BRIEF DESCRIPTION OF THE DRAWINGS

These and other features, aspects, and advantages of the present invention will become more readily apparent from the following detailed description, which should be read in conjunction with the accompanying drawings in which:

FIG. 1 illustrates an apparatus according to the present invention for sterilizing, seeding, culturing, storing, shipping, and testing a prosthesis in which a magnetic axial loading is utilized;

FIG. 2 illustrates an apparatus according to the present invention for sterilizing, seeding, culturing, storing, shipping, and testing a prosthesis in which a mechanical axial loading is utilized, and wherein the mechanical is generated using a piston;

FIG. 3 illustrates an apparatus according to the present invention for sterilizing, seeding, culturing, storing, shipping, and testing a prosthesis in which a mechanical axial loading is utilized, and wherein the mechanical loading is generated using a bellows; and

FIG. 4 illustrates yet another alternative exemplary embodiment of an apparatus according to the present invention for sterilizing, seeding, culturing, storing, shipping, and testing a prosthesis in which a flexible diaphragm is utilized to provide an axial load.

FIGS. 5A-5C illustrate an apparatus according to the present invention for sterilizing, seeding, culturing, storing, shipping, and testing a cartilage prosthesis in which a piston and cylinder arrangement is utilized, wherein FIGS. 5B and 5C illustrate fluid flow during use;

FIGS. 6A-6B illustrate an apparatus according to the present invention for sterilizing, seeding, culturing, storing, shipping, and testing a cartilage prosthesis, in which a pump is utilized;

FIGS. 7A-7B illustrate an alternative exemplary embodiment of the present invention for sterilizing, seeding, culturing, storing, shipping, and testing a prosthesis in which a bellows is utilized, wherein FIG. 7B is a cross-sectional view;

FIG. 8 illustrates another alternative exemplary embodiment of the present invention for sterilizing, seeding, culturing, storing, shipping, and testing a cartilage prosthesis in which a pressure plate is utilized; and

FIGS. 9A-9C illustrate yet another alternative exemplary embodiment of an apparatus according to the present invention for sterilizing, seeding, culturing, storing, shipping, and testing a prosthesis, in which rollers are utilized.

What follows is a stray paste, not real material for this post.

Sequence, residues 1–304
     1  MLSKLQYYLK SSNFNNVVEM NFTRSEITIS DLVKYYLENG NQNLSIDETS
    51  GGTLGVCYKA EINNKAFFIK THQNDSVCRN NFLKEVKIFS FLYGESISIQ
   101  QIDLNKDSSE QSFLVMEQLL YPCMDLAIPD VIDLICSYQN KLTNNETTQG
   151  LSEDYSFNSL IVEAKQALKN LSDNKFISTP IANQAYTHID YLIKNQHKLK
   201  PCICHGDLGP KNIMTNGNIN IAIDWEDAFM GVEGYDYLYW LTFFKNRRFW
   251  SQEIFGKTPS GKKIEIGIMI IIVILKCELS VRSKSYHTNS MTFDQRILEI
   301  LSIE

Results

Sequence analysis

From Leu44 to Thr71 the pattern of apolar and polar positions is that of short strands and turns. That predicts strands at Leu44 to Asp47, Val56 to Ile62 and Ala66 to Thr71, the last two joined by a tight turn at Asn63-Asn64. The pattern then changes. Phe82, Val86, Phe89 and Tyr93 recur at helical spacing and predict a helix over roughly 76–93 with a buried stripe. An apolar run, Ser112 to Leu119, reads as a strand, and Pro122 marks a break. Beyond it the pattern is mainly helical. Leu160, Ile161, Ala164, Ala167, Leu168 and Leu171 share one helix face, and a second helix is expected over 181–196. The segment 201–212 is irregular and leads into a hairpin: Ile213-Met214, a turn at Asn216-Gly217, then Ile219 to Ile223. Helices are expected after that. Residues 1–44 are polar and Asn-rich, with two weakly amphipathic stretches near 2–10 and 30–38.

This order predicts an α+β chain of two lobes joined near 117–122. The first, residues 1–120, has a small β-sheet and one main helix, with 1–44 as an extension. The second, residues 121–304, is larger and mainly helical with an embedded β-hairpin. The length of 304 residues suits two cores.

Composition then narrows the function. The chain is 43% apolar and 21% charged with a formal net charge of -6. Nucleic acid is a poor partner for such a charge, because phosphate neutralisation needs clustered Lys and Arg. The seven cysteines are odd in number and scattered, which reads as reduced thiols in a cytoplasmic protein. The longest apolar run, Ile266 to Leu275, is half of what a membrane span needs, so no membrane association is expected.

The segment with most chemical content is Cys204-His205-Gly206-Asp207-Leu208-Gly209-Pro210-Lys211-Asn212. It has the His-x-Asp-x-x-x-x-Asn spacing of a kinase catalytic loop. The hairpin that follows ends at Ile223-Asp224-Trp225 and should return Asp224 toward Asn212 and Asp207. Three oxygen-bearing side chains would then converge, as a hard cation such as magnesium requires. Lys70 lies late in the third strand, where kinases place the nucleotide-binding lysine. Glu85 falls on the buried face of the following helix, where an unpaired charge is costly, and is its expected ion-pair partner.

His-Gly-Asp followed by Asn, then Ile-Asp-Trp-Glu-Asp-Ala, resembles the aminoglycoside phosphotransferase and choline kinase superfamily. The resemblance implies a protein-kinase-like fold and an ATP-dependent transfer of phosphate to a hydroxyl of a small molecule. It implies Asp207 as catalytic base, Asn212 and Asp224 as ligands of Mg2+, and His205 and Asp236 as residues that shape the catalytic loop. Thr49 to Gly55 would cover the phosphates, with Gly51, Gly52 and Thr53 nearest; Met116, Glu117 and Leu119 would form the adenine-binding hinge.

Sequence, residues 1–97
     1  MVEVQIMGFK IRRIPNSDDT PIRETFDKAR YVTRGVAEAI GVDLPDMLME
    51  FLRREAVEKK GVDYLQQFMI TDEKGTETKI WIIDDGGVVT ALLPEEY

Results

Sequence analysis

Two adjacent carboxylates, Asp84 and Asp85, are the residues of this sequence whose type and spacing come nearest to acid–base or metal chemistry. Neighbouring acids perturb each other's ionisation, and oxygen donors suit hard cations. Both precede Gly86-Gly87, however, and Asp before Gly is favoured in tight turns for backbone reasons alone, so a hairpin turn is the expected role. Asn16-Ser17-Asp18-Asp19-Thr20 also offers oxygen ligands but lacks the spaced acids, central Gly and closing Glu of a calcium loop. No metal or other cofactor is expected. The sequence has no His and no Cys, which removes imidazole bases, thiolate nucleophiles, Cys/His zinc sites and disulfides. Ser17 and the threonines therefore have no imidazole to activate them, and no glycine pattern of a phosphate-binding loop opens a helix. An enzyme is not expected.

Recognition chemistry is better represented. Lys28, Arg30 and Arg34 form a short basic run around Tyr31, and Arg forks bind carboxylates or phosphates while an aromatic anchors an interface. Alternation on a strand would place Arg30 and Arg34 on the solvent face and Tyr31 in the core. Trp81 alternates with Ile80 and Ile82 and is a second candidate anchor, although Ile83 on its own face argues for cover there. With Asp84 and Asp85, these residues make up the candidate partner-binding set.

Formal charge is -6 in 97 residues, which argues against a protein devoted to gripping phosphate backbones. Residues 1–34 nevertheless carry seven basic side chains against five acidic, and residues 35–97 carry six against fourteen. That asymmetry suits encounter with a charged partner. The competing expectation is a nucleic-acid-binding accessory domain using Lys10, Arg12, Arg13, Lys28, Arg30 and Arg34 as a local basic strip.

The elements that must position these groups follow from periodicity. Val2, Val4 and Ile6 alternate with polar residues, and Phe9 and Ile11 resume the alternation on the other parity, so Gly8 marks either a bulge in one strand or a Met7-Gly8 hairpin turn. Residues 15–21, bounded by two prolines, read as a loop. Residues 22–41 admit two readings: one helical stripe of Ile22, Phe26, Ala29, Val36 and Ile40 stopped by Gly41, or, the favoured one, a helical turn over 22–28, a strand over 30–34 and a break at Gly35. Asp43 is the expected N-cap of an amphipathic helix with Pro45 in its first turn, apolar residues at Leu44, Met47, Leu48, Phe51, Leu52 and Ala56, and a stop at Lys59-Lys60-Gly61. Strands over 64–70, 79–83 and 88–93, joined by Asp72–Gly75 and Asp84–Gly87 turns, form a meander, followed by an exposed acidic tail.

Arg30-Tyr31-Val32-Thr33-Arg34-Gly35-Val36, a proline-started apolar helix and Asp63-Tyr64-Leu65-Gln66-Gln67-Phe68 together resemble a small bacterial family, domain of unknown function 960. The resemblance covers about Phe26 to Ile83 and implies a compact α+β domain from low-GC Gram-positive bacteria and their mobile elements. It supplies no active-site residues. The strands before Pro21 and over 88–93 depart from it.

FIG. 10 illustrates an apparatus according to the present invention for sterilizing, seeding, culturing, storing, shipping, and testing a heart valve prosthesis;

FIG. 11 illustrates an alternative exemplary embodiment of an apparatus according to the present invention for sterilizing, seeding, culturing, storing, shipping, and testing a heart valve prosthesis;

FIG. 12 is a schematic diagram illustrating an apparatus according to the present invention for sterilizing, seeding, culturing, storing, shipping, and testing a tubular prosthesis;

FIG. 13 is a block diagram illustrating a preferred embodiment of an alternating pressure source; and

FIG. 14 is a schematic diagram illustrating another alternative exemplary embodiment of an apparatus according to the present invention for sterilizing, seeding, culturing, storing, shipping, and testing a tubular prosthesis.

DETAILED DESCRIPTION OF THE INVENTION

The following embodiments of the present invention will be described in the context of an apparatus and method for sterilizing, seeding, culturing, storing, shipping, and testing tendon and ligament constructs, although those skilled in the art will recognize that the disclosed methods and structures are readily adaptable for broader application. Note that whenever the same reference numeral is repeated with respect to different figures, it refers to the corresponding structure in each such figure.

FIG. 1 discloses a system for sterilizing, seeding, culturing, storing, shipping, and testing tendon and ligament constructs. According to a preferred embodiment of the invention, this system primarily comprises a treatment chamber 10, a pump 30, and a media reservoir 18 fluidly communicating with the treatment chamber.